Prayer Bells is scored for piccolo, three flutes, three oboes, three clarinets, bass clarinet, two bassoons, contrabassoon, four horns, two piccolo trumpets in B-flat, two trumpets in C, two trombones, bass trombone, tuba, tubular chimes, large tam-tam, two woodblocks (large and small), five tom-toms, concert marimba, two triangles (large and small), suspended cymbal, vibraphone (motor off), glockenspiel (sounding two octaves higher than written), two bongo drums, large bass drum, xylophone, (sounding one octave higher than written), medium tam-tam, large bass drum, harp, and strings. Approximate performance time is twelve minutes.
My favorite moment in any piece of music is the moment of maximum risk and striving. Whether the venture is tiny or large, loud or soft, fragile or strong, passionate, erratic, ordinary or eccentric...! Maybe another way to say this is the moment of exquisite humanity and raw soul. All art that I cherish has an element of love and recklessness and desperation. I like music that is alive and jumps off the page and out of the instrument as if something big is at stake.
I do believe that all music of substance should have an immediacy about it, while, at the same time, though, I also know that we, as human beings, are attracted to enigmatic things such as nature, gravity, the cosmos, space travel, God and religions, advanced math, myths, love etc. I believe we find such enigmas in art and I try to reach toward these mysteries in my music.
Prayer Bells is, I hope, at once vital, present and immediate on first hearing, while at the same time distinctive and spiritual so that it can withstand multiple hearings.
My work Prayer Bells for orchestra craves a listener...and I am honored to have made it for the audience in Pittsburgh.
There is an indisputable journey taking place during the 12-minute composition. In general the score falls in to a three-part form: a slow growing introduction of 90 seconds (which is a section of music I composed in 1988 as a student as wanted to rework in a more refined manner); a central section of about 5 minutes which is led by the line of music in the cellos, violas and other strings which is often punctuated by brassy flares; and the final section of about 5 minutes which is best described as relentless, sinuous, fanfares which are alternating with other earnest, more expansive materials. The music is passionate throughout as if something big is at stake in it.
The "bells" are not only simply percussion instruments in this work. Rather, the bells are often implied by blended woodwind, brass and string sounds.
The title Prayer Bells can mean anything from miniature, intimate prayer bells one would find in a meditation context, to a massive carillon of bells in a cathedral, to metaphorically representing an inner tolling to pray in the human soul.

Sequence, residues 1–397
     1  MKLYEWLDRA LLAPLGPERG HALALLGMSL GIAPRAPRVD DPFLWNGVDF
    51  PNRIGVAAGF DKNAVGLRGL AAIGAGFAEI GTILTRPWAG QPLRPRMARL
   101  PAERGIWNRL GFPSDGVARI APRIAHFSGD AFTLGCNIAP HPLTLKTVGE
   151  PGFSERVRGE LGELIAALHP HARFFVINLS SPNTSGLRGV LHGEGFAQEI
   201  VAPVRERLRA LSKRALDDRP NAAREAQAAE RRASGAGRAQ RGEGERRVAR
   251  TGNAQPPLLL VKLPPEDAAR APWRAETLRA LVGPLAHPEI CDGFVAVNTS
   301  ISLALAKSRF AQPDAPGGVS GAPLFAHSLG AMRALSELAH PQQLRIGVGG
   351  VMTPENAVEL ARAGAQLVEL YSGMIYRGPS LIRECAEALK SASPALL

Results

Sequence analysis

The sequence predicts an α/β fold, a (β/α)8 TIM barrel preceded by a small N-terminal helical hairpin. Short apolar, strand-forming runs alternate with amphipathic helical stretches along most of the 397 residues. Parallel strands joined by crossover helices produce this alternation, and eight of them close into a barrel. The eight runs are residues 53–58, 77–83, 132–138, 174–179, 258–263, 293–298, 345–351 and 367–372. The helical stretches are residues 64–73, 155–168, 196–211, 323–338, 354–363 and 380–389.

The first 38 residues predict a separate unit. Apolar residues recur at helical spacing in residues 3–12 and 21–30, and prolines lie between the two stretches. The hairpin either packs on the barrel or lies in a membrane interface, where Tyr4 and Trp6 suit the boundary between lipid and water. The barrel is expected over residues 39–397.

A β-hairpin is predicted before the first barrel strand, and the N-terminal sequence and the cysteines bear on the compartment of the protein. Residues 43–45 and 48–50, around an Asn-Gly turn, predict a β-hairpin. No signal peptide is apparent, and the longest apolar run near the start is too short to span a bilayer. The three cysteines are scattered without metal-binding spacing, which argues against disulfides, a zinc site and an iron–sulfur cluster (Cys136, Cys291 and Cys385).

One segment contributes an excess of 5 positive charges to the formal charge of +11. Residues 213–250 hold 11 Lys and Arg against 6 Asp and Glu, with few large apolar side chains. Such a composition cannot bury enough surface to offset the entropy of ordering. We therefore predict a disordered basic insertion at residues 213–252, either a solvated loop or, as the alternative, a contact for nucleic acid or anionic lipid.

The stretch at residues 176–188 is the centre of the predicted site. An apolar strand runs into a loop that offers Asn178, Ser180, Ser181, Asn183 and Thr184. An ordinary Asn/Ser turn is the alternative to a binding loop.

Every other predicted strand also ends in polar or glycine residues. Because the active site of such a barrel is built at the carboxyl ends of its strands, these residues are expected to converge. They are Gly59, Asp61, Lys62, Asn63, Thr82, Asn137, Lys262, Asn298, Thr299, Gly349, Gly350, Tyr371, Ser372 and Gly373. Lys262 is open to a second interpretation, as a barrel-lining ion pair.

— Augusta Read Thomas
Lawrence Budmen, South Florida Classical Review
"The New World Symphony’s first Sounds of the Times concert each season usually coincides with Art Basel week, providing a musical counterpart to the exhibitions of contemporary art."
"Something special often adorns the program and this year’s edition was no exception. On Saturday night, Jeffrey Milarsky returned to the podium at New World Center to conduct an American program featuring Augusta Read Thomas."
"Thomas’s Prayer Bells is a twelve-minute symphonic canvass that is rich in bright tolling sonorities, from bells as well as winds, brass and percussion. Opening with string phrases that build to a crescendo, accompanying bells, harp and mallet instruments herald the entry of the brass like a burst of light. A central episode features violas and cellos playing expansive thematic material, punctuated by bells and harp. Fanfares lead to a renewal of energy. Both vital and spiritual, this vignette is masterfully conceived. Milarsky led a finely detailed reading and the ensemble playing was consistently strong and propulsive."
Barbara Zuck, The Columbus Dispatch
Contemporary music not to be feared
"The words "contemporary music" once evoked fear, loathing and occasional panic among many classical music fans, whose concept of what was acceptably "new" seemed to stop at the year 1900. Last night's Columbus Symphony Orchestra concert, performed in conjunction with this year's Ohio State University Contemporary Music Festival, demonstrated just how much times have changed.
The concert, guest conducted by Portuguese maestro Joana Carneiro, not only drew a large crowd to the orchestra's home, the Ohio Theatre. It had the audience on its feet cheering at several points. Of course, a lot of contemporary music has changed as well. What was once often laboriously, self-consciously experimental has become comfortable with itself — approachable, comprehensible — even pleasant.
The contemporary music featured this weekend is an example. The works of Augusta Read Thomas, composer-in-residence at OSU's School of music in conjunction with the festival, are innovative and engaging. Thomas' Alleluia opened, featuring the Symphony Chorus singing in beautiful a cappella, featured a slow pedal point and built to a dramatic finish.
A second work by Thomas, Prayer Bells, was performed on the second half. Here much of the innovation came in the orchestration, which created the sense of bells tolling from all around the stage."
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